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Spending Review is a Missed Opportunity to Invest in Youngest Children


Yesterday’s Spending Review was a missed opportunity to fund vital support for the youngest children, both as part of the COVID recovery package, and as a long term investment in our nation’s future. Failing to invest in the earliest years of life is a false economy, and will have costs to babies, public services and the economy for years to come. We call on the Chancellor to look again at what can be done to mitigate the impacts of COVID-19 on our youngest children, and to commit to further spending on the first 1001 days of life in the 2021 Spending Review.

Full Statement

The Government’s Spending Review had a focus on COVID recovery, and on creating new physical infrastructure – including school and hospital rebuilding and transport schemes across the country. Yet the Government did not invest in the most critical part of this country’s future – our youngest children.


The pandemic has affected all of us, but its impact has not been distributed equally. The very youngest children, including those yet to be born, are potentially the most vulnerable to stress and adversity. The pandemic may have a greater impact on their longer term outcomes because it has occurred at such a key developmental stage. There has been nothing in the COVID-recovery package specifically for these children and their families.


There is growing evidence that the pandemic has resulted in worrying numbers of babies and young children being exposed to stress, trauma and adversity which, if not addressed, could have a significant impact on their wellbeing and development now and into the future. Services working with families, which were already depleted prior to the pandemic, desperately need resources in order to respond this growing need. Failing to adequately fund these services is a false economy, it will have costs to babies, public services and the economy for years to come.


During the pandemic, we saw that services struggled to mitigate the impact of the crisis on families and to keep babies safe. Our passionate, committed workforce are not resourced to do the job that our families need them to do. The Spending Review did nothing to address this. The Review states that the public health grant is being “maintained”. The Chancellor must clarify if this means that real terms spending is staying the same. Even so, this is worrying. In 2020/21 this grant was 22 per cent lower per head in real terms compared to 2015/16. This is not sufficient. Need amongst families is growing, with increasing levels of challenges such as perinatal mental illness, poverty, domestic abuse, and the neglect and abuse of babies. Our services must be resourced to respond to this.


If the Chancellor is going to invest in the nation’s infrastructure, he must invest in human infrastructure. The science shows us that early experiences affect the development of brain architecture, which provides the foundation for all future learning, behaviour, and health. There is an opportunity now to build brains, alongside buildings, through investment in support for families in the earliest years of life. The government won’t get return on investment from school buildings, roads and physical infrastructure, if the next generation do not have the social, emotional and cognitive skills they need to thrive. An investment in the opportunities without an investment in the children who might be able to seize them is misplaced.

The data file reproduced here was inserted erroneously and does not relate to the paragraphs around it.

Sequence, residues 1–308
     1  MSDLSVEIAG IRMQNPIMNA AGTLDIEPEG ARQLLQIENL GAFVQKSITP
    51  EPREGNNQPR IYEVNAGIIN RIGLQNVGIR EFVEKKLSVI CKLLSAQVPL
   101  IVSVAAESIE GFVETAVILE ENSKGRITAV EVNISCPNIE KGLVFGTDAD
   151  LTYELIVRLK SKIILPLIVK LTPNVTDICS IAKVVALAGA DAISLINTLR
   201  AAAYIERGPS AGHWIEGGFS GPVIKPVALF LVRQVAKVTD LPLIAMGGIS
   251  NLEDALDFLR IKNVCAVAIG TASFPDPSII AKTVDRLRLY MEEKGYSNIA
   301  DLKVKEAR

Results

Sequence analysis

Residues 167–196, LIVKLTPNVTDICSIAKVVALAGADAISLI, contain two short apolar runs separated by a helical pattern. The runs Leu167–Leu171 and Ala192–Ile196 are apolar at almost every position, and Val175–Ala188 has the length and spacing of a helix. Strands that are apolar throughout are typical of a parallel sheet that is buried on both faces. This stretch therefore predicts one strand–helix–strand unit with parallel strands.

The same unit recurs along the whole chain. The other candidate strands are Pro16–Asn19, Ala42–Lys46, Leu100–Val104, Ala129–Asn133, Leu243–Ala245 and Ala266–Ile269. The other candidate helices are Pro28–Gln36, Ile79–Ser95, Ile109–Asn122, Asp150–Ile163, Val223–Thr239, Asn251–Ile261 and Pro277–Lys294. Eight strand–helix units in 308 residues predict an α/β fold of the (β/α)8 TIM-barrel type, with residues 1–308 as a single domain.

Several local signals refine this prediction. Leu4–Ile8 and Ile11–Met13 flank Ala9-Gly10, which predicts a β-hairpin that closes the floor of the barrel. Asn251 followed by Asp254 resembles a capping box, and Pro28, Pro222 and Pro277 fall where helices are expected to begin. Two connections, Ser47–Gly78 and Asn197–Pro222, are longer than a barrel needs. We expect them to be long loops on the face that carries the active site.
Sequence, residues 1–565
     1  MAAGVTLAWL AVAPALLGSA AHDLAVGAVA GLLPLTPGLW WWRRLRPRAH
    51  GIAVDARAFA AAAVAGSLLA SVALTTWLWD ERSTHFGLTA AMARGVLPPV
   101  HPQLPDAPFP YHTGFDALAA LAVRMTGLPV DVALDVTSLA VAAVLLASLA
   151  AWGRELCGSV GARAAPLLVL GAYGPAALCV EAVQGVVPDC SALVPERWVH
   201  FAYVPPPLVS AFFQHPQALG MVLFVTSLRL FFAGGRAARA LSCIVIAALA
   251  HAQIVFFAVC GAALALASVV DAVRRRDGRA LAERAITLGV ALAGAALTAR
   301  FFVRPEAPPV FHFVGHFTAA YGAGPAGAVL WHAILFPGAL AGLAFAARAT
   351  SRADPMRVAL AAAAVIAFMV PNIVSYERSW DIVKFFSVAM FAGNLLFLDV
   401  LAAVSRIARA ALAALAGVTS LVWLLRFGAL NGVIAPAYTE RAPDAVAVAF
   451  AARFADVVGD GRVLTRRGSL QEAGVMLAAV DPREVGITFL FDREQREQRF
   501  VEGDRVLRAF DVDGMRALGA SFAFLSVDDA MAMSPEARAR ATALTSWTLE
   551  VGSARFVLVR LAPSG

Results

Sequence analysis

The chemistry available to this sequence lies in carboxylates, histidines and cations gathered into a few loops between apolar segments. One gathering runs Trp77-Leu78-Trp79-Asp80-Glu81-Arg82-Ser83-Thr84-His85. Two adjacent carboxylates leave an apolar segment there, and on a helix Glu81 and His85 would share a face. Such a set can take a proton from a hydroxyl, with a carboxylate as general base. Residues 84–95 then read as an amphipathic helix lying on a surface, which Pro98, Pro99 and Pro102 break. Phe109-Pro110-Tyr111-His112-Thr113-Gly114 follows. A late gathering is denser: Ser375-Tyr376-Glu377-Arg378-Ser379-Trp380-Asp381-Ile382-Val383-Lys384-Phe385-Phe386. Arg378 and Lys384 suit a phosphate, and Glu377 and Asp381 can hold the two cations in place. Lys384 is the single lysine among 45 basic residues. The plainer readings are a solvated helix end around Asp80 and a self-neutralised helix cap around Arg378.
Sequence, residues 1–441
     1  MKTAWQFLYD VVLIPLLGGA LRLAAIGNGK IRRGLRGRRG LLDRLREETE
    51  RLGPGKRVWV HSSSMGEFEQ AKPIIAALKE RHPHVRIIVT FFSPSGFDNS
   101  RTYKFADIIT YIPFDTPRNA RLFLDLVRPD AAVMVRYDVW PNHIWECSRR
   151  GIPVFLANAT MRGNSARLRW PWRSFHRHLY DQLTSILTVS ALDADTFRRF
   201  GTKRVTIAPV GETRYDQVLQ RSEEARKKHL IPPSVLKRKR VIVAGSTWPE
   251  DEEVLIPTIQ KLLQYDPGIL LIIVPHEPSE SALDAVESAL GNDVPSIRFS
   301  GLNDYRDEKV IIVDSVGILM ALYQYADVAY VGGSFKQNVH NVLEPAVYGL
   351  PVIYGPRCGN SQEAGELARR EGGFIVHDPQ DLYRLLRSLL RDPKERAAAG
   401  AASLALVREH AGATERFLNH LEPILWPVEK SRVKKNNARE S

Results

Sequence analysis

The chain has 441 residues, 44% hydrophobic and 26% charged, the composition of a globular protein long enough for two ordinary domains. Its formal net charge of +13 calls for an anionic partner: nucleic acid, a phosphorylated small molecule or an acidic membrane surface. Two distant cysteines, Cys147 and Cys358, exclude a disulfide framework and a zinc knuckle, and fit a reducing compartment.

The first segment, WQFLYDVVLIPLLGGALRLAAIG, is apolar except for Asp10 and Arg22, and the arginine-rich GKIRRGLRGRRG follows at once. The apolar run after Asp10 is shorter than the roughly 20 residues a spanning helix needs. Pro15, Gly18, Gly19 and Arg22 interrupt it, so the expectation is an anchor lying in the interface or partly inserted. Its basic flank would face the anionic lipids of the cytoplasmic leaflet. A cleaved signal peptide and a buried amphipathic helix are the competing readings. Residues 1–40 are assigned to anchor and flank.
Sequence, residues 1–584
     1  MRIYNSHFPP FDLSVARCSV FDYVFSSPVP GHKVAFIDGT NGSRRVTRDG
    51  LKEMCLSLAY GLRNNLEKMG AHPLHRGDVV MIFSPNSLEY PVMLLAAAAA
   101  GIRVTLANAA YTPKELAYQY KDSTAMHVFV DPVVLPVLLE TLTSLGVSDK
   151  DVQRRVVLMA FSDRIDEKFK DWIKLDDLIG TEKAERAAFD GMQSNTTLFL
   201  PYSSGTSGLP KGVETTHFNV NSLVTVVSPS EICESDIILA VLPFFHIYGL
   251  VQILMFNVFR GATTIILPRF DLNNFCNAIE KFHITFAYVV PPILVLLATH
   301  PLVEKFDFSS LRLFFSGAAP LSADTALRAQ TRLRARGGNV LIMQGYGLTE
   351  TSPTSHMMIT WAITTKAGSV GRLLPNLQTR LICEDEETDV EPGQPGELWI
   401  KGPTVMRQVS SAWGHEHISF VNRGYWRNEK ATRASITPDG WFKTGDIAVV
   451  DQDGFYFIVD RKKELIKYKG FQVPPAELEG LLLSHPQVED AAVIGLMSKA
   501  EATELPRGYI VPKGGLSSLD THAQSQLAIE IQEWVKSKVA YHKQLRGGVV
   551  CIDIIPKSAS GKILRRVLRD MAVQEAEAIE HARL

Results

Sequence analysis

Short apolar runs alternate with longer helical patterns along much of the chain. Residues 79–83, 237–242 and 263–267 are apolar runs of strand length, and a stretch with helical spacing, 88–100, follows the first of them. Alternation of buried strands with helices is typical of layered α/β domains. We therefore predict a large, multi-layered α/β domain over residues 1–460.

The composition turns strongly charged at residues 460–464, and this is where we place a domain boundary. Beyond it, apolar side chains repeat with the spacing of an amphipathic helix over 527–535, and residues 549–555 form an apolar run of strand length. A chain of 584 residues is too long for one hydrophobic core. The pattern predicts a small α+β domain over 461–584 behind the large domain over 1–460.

Investing in babies and their futures means investing in the services that support early parent-child relationships and interactions, which are so fundamental to early social, emotional and cognitive development. This includes public and third sector services, such as health visitors, children’s centres and family hubs and parent-infant teams. It also involves tackling adversity, including poverty, which can impair early brain development.


Although there has been new funding for Local Authorities and the NHS in the spending review, it comes in the context of a huge shortfalls in funding and at a time when many Local Authorities and NHS commissioners are in crisis. In this context services that work with families in the first 1001 days of life are particularly vulnerable. Babies too often come at the bottom of the list of priorities. National Government must show leadership by ensuring that a fair share of the new funding is directly committed towards services for the youngest children and their families.


The delay of the three year spending review provides some time for Government to plan long-term investment and renewal of essential services for babies and their families. We welcome the Government’s commitment, through the Leadsom Review, to look more holistically at the improvements required to support early childhood in this country. The Spending Review’s commitment to a focus on outcomes, including the introduction of shared outcomes, provides an opportunity to bring public services together to make a difference for the youngest children. Significant system change is required to give all children the best start in life, and this must be supported by investment.


We call on the Chancellor to look again at what can be done to support our youngest children to recover from the impact of COVID-19, and to commit to further spending on the first 1001 days of life in the 2021 Spending Review.

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